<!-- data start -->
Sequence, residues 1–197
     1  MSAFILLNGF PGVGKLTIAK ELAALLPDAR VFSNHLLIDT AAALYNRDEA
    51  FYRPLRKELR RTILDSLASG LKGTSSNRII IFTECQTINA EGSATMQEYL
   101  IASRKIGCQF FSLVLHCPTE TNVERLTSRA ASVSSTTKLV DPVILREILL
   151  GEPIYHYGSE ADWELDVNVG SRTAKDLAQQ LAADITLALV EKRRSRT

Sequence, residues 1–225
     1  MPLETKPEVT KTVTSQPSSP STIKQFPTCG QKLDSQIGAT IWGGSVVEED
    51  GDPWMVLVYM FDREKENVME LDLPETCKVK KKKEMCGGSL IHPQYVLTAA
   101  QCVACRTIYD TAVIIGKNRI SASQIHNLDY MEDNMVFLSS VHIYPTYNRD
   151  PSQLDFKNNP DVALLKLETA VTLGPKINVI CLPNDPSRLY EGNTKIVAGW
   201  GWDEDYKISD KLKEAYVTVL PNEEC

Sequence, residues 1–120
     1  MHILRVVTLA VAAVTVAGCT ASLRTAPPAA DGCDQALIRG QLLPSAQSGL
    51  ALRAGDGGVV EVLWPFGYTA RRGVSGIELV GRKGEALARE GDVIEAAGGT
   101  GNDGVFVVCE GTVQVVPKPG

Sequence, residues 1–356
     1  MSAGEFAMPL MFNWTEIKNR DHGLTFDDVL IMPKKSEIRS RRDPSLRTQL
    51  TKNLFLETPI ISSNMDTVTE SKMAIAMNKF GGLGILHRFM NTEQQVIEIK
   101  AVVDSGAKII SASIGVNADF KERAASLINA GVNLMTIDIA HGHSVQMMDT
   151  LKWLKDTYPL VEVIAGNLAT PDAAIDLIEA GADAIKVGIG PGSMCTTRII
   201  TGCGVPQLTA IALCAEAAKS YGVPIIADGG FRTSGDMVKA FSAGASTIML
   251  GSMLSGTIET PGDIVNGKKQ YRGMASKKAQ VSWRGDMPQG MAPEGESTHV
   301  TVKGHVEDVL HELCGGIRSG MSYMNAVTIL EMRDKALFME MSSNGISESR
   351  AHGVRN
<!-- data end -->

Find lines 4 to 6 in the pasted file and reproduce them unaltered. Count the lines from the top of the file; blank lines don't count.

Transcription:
   101  IASRKIGCQF FSLVLHCPTE TNVERLTSRA ASVSSTTKLV DPVILREILL
   151  GEPIYHYGSE ADWELDVNVG SRTAKDLAQQ LAADITLALV EKRRSRT

Sequence, residues 1–225